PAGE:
It’s really quite the phenomenon how those digits can cause people to lose sight of what the whole purpose of social media originally was. For many, the numbers have becoming intertwined with self worth or talent. It’s a popularity contest for some, while for others, a validation of skill. Social media has evolved but perhaps the way we think of it hasn’t quite caught up with its main purpose is now for many people. At least, sometimes I forget and focus on those numbers.

To me, social media has two sides: it is a means of staying connected to friends and family as well as a business and branding tool. As a creative, I like to see it as a platform to share my work and I put a lot of thought into the things I post. Here’s the thing, and perhaps this will sound familiar: as those numbers yo-yo up and down, the negative thoughts creep in. Before I realize it, my focus is closely directed at those numbers and what I can do to affect them positively. It’s a slippery slope into passionless posts that carry no personality or meaning. On the flip side, one can pour so much heart into their content and get disheartened by numbers and lose sight of their amazing content. It can become a dark cloud that creeps into your mind and overshadows the beauty you wish to share.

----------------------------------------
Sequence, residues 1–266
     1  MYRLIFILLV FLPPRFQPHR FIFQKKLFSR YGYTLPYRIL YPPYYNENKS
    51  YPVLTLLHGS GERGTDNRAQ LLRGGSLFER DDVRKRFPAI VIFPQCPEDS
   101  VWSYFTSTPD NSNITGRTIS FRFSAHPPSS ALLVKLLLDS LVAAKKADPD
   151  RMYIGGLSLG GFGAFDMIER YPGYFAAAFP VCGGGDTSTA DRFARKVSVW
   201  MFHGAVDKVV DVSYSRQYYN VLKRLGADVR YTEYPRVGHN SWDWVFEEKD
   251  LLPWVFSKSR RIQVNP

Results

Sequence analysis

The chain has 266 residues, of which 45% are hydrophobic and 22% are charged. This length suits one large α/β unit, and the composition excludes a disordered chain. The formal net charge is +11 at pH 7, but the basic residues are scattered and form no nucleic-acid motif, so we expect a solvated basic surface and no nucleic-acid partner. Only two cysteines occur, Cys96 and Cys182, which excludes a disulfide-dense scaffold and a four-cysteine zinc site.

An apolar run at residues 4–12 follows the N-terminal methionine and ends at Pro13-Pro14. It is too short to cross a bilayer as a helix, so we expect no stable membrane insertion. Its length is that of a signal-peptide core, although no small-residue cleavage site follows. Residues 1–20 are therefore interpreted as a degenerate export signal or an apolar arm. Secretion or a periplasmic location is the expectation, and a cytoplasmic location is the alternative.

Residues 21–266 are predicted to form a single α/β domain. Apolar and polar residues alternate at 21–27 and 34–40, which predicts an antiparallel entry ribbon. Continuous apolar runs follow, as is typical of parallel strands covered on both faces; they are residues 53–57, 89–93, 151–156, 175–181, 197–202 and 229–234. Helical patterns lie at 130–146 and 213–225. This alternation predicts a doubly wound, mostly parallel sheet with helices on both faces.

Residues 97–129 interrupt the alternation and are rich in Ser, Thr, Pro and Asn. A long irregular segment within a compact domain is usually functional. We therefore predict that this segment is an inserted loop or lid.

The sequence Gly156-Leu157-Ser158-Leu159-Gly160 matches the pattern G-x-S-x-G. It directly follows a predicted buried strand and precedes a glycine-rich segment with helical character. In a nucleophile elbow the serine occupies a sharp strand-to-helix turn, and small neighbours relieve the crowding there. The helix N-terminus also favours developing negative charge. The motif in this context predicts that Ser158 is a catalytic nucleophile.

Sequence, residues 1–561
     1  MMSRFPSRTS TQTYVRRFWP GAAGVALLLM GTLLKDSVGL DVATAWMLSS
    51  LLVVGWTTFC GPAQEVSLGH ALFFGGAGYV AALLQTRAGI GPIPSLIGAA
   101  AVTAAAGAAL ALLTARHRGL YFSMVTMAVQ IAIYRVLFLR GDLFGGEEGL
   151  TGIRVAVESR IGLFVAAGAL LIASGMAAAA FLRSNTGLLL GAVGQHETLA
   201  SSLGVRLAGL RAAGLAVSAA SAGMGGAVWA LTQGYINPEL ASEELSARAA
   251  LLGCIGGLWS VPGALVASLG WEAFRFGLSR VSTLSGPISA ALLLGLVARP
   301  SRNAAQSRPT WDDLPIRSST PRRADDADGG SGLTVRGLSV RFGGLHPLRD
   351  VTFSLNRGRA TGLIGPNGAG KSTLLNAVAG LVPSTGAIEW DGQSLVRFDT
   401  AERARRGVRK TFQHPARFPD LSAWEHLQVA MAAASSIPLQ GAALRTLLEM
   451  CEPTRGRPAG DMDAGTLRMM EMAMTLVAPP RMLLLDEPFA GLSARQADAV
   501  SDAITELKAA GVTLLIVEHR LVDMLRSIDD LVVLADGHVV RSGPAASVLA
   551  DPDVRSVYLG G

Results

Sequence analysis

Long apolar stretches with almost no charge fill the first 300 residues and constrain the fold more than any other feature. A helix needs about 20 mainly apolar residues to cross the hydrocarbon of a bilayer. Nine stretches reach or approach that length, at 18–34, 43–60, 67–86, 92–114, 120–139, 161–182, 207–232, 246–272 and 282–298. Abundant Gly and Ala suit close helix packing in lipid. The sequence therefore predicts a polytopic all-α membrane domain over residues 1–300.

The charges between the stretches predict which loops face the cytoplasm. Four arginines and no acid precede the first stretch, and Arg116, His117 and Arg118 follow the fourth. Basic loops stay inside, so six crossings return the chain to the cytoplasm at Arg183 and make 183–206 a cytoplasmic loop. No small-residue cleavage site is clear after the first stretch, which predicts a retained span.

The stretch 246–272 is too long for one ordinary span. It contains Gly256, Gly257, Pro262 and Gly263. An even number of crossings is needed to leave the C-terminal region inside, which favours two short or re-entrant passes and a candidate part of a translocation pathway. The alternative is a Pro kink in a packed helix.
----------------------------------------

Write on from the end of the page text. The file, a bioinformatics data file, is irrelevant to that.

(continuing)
Here’s something I was recently told when I was letting those numbers bounce inside my head a little more than they deserve:

Numbers aren’t everything. Social media is just one communication channel. It’s a vehicle to get your message out: not the message itself. If you only focus on the numbers, you’re missing the entire point of your art and your craft.

Social media is the vehicle to get your message out. Social media is not the message itself. The numbers you see are not your message and they aren’t mine.

Don’t let the numbers take over and kill your creativity. Do the work, share it and appreciate those who genuinely appreciate it. Those are the people, not numbers, that matter.

The Art of Walt Disney Animation Studios

Art of Walt Disney Animation Studios: Movement by Nature

When I was in Paris last fall, I decided to explore the city in a different way this time. I chose to wander and walk with no real aim. While many visitors scramble to the Louvre (worth it of course) to catch a glimpse of the Mona Lisa, I decided to go to Art Ludique Le Musée.

Nerd alert: I went there for a Disney art exhibition. Yes, that’s right. I was in Paris, la ville de l’amour, and I wanted to go to a Disney art show. It was chilly – more than chilly – with a frigid fall breeze blowing and I nearly wiped out on the slippery sidewalk in my hurry to get out of the cold and into the magical world of Disney artists. Continue reading “The Art of Walt Disney Animation Studios”

Painting Mushrooms

One day, with a blank sketchbook page staring at me, I decided that I was going to paint mushrooms. I had a film on in the background that prominently featured food as the lead characters were chefs and I found myself painting a black truffle.

I meticulously painted in order to create the texture of the mushroom and I like to think I succeeded. It was only when I was done that I looked at it on my large mostly blank page and thought, without any context, it looks a little bit like a turd. And thus began my little chart of edible mushrooms.

I was surprised there were actually colourful and pretty edible mushrooms to paint! You learn something new everyday…

Struggles with Gouache

Gouache. Guh-wash. Goo-wash? Gwash?